Mental health workers 'falsified hours'
Carers of New Zealand's most mentally vulnerable patients have been caught falsifying figures amid accusations of neglect.
Documents obtained by the Sunday Star-Times reveal staff at a major mental health provider were ordered to overstate the number of hours spent with clients.
The company receives taxpayers' money to provide support for the mentally ill, but last year failed to clock-up enough "one-to-one" time with clients at one of its district health board contracts.
In an attempt to avoid returning public funds under a clawback provision, branch management instead organised a mid-winter Christmas function to boost time with clients before the end of the financial year.
Documents show during the three-hour event on June 27, nine staff clocked up a combined 244 hours of "one-on-one" time with 11 mental health clients.
The party was thwarted after a staff member complained, sparking an internal review which found client time had been "over-recorded" by more than 220 hours. "This is clearly a deviation from the acceptable practice," a report said.
The false hours were uncovered before it was reported to the DHB but the audit recommended a review of other public service contracts. "There is a risk that other ... services may have materially misstated similar information."
The events occurred at Richmond Services' Tauranga branch - where at least five mental health support workers have resigned in the past six months, alleging client neglect and workplace bullying.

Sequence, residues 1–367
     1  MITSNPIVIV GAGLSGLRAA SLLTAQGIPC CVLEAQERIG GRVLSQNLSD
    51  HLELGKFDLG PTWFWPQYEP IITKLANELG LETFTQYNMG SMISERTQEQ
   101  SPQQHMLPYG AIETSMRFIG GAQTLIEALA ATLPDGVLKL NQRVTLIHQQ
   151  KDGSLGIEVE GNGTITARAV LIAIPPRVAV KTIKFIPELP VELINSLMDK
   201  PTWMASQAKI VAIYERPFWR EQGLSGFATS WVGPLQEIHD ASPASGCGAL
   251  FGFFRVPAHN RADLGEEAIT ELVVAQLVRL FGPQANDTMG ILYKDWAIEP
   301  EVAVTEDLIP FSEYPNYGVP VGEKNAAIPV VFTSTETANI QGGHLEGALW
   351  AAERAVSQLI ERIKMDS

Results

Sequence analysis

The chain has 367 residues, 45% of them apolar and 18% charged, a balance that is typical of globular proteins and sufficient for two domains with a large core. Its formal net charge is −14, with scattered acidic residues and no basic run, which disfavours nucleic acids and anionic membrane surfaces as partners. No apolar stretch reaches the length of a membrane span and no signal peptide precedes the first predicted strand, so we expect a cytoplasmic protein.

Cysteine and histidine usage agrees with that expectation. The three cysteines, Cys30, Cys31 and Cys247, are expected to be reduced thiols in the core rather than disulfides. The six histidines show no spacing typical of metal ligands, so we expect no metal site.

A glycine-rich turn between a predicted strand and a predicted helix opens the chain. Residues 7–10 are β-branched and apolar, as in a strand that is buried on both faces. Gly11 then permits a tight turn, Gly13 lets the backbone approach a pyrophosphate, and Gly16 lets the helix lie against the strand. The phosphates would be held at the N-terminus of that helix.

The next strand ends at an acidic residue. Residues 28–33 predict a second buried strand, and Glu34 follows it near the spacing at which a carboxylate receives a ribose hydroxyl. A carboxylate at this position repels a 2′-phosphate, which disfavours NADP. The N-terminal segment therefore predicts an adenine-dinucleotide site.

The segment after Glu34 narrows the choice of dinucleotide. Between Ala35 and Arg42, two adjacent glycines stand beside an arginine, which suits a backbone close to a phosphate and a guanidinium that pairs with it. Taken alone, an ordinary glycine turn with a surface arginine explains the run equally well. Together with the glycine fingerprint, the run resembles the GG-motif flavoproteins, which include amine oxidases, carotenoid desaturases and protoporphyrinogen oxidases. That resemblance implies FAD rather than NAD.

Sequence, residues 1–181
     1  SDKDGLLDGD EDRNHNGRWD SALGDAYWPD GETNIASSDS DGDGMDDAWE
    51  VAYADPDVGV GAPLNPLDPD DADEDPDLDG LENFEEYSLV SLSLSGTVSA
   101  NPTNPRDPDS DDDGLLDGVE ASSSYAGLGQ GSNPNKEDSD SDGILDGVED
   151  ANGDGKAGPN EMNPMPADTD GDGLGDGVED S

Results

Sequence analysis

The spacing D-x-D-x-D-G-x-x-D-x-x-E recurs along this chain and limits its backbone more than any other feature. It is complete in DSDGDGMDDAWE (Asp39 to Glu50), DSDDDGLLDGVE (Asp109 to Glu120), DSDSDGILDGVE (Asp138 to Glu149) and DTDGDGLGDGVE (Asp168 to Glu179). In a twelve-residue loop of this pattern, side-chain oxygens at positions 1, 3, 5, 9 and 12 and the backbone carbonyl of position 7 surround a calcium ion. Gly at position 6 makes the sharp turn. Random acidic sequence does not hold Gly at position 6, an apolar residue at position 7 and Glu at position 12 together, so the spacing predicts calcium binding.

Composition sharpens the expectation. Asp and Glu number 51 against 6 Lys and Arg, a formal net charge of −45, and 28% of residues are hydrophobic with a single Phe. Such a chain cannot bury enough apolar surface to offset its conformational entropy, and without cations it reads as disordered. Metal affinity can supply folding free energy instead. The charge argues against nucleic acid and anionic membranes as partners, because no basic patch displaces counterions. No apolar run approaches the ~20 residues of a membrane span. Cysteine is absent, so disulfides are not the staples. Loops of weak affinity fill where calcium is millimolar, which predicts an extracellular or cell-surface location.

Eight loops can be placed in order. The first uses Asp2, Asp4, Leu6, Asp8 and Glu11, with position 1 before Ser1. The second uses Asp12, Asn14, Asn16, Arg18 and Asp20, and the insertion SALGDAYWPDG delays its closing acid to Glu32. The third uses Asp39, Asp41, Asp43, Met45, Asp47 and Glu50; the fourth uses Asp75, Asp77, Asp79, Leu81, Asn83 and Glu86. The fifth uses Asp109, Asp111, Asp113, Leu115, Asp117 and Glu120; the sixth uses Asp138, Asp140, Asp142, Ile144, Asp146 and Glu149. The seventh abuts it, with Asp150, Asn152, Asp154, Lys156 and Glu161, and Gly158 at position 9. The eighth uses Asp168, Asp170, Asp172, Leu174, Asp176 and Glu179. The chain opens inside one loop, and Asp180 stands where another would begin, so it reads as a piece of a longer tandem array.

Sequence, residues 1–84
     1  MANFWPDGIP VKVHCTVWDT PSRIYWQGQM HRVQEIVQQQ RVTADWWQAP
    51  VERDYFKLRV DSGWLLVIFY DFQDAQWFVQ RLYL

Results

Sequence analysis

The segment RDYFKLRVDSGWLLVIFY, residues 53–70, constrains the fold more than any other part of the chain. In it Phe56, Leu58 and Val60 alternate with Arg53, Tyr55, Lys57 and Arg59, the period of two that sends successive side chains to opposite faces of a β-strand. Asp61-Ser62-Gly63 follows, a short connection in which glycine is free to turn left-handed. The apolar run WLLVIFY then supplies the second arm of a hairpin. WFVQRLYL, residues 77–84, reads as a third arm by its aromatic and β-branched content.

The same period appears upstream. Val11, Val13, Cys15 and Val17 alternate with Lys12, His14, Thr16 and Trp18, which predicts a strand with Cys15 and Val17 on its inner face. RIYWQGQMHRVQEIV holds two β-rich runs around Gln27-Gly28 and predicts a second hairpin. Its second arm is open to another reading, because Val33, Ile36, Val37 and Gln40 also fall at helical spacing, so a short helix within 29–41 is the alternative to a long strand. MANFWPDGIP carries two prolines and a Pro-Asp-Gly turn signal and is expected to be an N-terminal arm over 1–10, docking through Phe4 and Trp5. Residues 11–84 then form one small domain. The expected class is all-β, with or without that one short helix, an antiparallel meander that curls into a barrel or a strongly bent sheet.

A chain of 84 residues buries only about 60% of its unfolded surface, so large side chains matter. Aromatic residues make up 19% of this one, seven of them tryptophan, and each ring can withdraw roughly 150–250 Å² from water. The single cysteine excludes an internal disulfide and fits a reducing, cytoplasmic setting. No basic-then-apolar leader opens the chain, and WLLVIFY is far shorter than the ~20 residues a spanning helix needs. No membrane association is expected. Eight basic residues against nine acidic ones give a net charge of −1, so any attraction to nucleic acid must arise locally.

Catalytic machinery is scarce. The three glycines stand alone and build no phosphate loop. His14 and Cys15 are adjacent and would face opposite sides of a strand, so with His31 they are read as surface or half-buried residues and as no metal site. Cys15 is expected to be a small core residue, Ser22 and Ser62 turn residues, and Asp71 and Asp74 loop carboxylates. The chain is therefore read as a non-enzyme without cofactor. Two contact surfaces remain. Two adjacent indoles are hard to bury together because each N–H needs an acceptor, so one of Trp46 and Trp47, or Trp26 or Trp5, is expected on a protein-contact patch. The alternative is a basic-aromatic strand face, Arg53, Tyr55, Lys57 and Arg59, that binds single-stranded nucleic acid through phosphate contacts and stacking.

Richmond is one of New Zealand's largest non-government mental health providers and receives millions of dollars in public funding every year. In Tauranga, it is contracted by the Bay of Plenty DHB to provide residential care to about a dozen clients considered too mentally ill to live fully independently.
The company is also contracted to provide outreach care to mentally ill people in the community.
Jan Bracewell resigned from Richmond earlier this month after clashing with management over client care. "I couldn't cope any more," she said.
"It became an ethical thing for me. The public don't know what is going on in the mental health system."
She and other former staff claim a rotating roster and a focus on clients' "goals" over basic needs left staff overstretched and clients neglected.
Appointments were missed and support workers were often turned away by clients unhappy about being rotated among staff, Bracewell said.
Richmond's central division manager Bronwyn Williams has refused to speak to the Sunday Star-Times, asking that any questions be submitted by email.
In a statement she said a data collection "issue" had resulted in an "over-statement" of hours, which was quickly rectified.
She denied staff had over-reported client time, or that any attempt was made to avoid breaching the DHB contract.
"The issue was dealt with at the time and we are confident that robust and appropriate actions were taken . . .
"I cannot go into details for reasons of confidentiality."
Richmond took its responsibility to care for clients "very seriously", Williams said. She also defended the rotating roster which she said was required "to meet the needs of the clients and to comply with contractual requirements and best practice standards".
Bay of Plenty DHB's planning and funding manager Helen Mason said she was aware of several allegations concerning Richmond, including over-reporting hours, which were now being urgently investigated.
Sunday Star Times